Mr. Speaker, “How will you remember?” “Comment vous souviendrez-vous?”
I am moved as I rise in the House today to inaugurate Veterans' Week. I would like to thank my colleagues in this Parliament, whether they are practised politicians or new recruits swept in by the popular tide, for taking the time to pay the most important national tribute, our tribute to those resting in eternal peace for the glory of our country and to those who have sacrificed so much for us.
I am of Irish descent and over the generations my ancestors became a part of French Canada. Therefore, I share Quebec's particular view of the world. It is from this perspective that I look at the world and consider the stories of the great wars and the epic battles that I have learned about. Especially as a member of Parliament, and now as a minister, I have come to realize the extent of the sacrifice made by these men and women whose fate was tragic and heroic, but who are too often ignored or forgotten.
The encounters I have had over the last six months, often in places steeped in history, have proven to be profoundly moving. From Cabaret Rouge, in France, where I paid tribute at the place where the remains of the Unknown Soldier were once buried, to the spectacular Canadian National Vimy Memorial, where more than 11,000 names are engraved, it is impossible not to think about the enormous loss of life and sacrifice.
Looking at the interminable rows of headstones, which seemed to extend forever, I came to a better understanding of the human drama behind each one, each soldier, each family, each story, each hard-hit community, and also of the history of our country.
At first, the colonists of New France and the British fought as enemies on the Plains of Abraham, but they later united to fight for the common cause of peace and freedom. The two founding nations, along with aboriginal peoples and newcomers, fought side by side at Châteauguay, for example, during the War of 1812, at the capture of the unconquerable Vimy Ridge in 1917, or on the beaches of Normandy on June 6, 1944, where the valiant militia of the Régiment de La Chaudière—from Beauce—and members of the Queen's Own Rifles from Toronto joined together to drive back the Nazi invaders and liberate France.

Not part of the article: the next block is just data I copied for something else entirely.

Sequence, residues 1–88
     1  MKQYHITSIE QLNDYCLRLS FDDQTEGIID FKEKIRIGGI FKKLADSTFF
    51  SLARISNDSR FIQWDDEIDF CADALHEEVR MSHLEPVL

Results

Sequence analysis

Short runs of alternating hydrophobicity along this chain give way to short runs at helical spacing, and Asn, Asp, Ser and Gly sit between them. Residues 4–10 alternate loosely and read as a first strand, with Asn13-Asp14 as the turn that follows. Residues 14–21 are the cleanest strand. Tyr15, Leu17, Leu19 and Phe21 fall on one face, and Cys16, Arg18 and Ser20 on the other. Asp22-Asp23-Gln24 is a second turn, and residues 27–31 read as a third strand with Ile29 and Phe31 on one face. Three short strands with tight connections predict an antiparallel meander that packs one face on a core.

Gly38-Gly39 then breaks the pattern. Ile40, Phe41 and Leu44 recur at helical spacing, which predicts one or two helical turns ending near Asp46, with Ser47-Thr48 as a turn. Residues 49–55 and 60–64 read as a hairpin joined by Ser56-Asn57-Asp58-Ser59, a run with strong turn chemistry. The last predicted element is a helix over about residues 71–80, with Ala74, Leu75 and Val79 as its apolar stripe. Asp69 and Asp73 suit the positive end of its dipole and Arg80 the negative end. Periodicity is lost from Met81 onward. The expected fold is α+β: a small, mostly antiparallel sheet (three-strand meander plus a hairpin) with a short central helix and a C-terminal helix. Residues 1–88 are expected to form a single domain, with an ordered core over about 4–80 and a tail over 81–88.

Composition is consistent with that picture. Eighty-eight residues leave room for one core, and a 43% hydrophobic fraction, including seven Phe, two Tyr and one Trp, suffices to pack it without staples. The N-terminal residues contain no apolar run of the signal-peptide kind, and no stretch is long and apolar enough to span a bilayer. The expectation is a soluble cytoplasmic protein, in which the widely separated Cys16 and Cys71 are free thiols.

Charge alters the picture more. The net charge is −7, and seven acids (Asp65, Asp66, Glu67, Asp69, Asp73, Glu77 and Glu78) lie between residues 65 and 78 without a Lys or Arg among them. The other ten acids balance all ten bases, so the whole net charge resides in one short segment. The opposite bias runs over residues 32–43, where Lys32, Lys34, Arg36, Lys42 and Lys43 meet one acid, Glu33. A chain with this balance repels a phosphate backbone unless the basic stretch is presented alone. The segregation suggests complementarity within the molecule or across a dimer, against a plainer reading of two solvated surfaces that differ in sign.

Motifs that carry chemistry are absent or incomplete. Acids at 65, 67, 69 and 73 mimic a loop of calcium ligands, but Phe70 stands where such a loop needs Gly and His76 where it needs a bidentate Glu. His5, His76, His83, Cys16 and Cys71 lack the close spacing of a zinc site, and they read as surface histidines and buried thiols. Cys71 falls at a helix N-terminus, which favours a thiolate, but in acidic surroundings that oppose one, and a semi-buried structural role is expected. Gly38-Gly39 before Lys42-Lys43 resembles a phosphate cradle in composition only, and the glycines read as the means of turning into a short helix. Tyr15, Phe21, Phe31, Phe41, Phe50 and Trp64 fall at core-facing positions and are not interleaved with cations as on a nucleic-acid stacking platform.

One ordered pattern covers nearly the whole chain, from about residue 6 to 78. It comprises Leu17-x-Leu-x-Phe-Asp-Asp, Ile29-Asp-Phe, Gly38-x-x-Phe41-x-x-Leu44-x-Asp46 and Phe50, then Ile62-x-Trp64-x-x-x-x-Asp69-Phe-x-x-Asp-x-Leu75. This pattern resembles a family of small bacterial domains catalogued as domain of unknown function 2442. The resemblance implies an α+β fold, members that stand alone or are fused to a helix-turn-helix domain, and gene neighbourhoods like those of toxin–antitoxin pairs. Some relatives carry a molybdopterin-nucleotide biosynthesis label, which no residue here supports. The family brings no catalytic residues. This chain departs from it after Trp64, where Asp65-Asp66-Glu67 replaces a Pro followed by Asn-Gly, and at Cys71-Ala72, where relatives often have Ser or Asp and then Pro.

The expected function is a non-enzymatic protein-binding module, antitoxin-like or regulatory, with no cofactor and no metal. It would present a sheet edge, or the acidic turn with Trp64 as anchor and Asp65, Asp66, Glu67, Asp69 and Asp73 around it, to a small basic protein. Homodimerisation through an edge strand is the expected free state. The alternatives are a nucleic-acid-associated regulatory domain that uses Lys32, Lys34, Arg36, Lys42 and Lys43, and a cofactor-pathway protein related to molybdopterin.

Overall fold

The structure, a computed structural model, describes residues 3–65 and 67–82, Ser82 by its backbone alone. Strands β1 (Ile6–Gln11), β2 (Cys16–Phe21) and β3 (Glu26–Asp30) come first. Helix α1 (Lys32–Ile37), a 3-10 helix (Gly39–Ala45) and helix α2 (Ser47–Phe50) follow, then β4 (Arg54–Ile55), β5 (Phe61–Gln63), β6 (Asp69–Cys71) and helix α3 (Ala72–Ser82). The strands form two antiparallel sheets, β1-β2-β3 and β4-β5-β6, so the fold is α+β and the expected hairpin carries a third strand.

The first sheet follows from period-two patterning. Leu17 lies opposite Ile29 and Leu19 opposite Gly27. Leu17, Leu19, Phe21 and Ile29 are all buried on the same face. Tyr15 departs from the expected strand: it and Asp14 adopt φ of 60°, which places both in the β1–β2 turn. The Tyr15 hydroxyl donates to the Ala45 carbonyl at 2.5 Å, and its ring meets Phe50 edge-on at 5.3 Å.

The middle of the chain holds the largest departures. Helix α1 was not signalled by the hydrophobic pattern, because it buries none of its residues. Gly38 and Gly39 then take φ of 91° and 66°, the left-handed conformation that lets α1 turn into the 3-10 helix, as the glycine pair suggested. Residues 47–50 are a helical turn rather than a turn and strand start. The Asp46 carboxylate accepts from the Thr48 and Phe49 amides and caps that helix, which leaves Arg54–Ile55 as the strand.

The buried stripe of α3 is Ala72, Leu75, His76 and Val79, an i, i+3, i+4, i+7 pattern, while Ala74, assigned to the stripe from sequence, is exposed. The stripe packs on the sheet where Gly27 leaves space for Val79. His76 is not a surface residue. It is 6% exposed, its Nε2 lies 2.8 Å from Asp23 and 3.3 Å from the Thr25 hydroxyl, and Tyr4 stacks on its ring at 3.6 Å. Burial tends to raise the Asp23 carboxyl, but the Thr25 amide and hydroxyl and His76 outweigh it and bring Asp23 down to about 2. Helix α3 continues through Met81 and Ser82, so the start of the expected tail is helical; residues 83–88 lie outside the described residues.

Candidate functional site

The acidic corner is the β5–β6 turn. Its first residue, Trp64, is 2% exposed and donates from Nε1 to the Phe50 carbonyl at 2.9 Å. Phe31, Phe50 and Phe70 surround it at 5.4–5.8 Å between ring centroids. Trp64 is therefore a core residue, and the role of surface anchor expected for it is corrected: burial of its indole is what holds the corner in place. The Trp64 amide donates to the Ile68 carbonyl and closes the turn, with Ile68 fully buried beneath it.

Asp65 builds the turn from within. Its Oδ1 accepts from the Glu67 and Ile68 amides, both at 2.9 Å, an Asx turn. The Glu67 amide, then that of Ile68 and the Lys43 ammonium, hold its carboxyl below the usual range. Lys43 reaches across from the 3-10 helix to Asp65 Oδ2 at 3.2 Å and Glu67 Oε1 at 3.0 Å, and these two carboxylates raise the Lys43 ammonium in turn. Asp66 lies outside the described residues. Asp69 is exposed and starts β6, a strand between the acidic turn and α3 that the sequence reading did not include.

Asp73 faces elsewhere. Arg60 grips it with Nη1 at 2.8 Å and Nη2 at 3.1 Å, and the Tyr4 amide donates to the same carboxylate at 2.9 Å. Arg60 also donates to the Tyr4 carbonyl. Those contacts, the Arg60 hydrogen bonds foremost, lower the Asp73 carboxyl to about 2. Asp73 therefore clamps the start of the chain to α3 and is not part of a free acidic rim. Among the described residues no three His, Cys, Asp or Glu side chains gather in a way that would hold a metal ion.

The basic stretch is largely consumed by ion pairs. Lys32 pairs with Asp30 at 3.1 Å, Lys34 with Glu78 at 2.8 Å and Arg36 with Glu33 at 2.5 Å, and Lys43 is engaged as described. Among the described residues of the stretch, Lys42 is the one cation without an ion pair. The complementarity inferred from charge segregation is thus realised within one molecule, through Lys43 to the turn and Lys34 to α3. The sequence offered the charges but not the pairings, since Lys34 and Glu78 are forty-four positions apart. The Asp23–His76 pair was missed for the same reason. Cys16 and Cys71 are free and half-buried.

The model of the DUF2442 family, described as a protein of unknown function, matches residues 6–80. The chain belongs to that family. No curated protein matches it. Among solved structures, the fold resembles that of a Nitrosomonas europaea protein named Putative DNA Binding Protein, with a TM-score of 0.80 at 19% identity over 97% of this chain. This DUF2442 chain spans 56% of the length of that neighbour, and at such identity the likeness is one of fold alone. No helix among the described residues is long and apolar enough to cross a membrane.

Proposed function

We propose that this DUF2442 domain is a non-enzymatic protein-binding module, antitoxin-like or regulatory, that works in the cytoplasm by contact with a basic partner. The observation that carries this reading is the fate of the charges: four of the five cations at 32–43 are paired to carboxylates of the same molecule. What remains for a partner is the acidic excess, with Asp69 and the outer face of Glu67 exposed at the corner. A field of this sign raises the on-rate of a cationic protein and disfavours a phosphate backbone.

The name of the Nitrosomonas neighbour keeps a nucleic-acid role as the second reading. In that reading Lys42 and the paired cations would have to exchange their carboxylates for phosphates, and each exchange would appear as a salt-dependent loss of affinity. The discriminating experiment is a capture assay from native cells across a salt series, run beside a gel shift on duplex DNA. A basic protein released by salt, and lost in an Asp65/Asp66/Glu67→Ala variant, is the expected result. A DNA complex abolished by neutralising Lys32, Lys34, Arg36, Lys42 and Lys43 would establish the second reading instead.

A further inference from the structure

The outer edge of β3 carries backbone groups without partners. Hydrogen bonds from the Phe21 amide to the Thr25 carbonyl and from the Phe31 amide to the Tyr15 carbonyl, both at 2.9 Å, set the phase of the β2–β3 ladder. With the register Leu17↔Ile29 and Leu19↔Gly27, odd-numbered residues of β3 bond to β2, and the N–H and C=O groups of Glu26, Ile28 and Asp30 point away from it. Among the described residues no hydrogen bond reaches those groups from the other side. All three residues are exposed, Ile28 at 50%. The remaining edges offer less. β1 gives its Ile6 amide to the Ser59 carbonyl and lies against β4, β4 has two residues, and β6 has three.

It was this sacrifice by people of many origins that made Canada what it is today, a strong nation that is the envy of the world. The sacrifices of these soldiers have united our country. We are what we are today because of the sacrifices of these men and women who went to their eternal rest, sometimes far away in Europe and other distant places, and who transformed our nation. Some of our soldiers also returned transformed, with injuries to their souls that burdened them until their last breaths.
It is this blood, spilled in the off lands—European battlefields such as Beaumont-Hamel, where 800 Newfoundlanders faced enemy fire, or Korea, Cyprus, Bosnia and, more recently, Afghanistan—that define who we are. As citizens and parliamentarians, we have a responsibility to rediscover these sometimes tragic exploits in order to better understand where we are going as individuals, as a people and as a nation.
Let us recognize today that we are indebted to them for every vote we hold here in this House, for our freedom and for our ability to shape the destiny of our country.
One does not need to travel all the way to Vimy in France to be a proud Canadian, but I wonder if there is anywhere else on earth where that pride could be felt more intensely than on the ridge overlooking the plain of Douai.
It is not necessary either to go back in time to see examples of dedication, courage and the gift of self. These values of bravery, valour and service transcend time, place and generations. I see it today.
Born in the aftermath of September 2001, where terrorists killed almost 3,000 innocent people, Canada's war on terror hit the ground in Afghanistan and has seen a decade of a strong involvement from large scale military operations to improvements in infrastructure, supporting the opening of schools for girls and providing humanitarian health. However, that came at a great cost as more than 150 Canadians have lost their lives to establish lasting peace.
Many of these men and women who serve our country without hesitation are coming back or returning from the Afghanistan mission. Individuals such as Sergeant Nielsen, who we have just recognized, are a symbol of bravery and perseverance.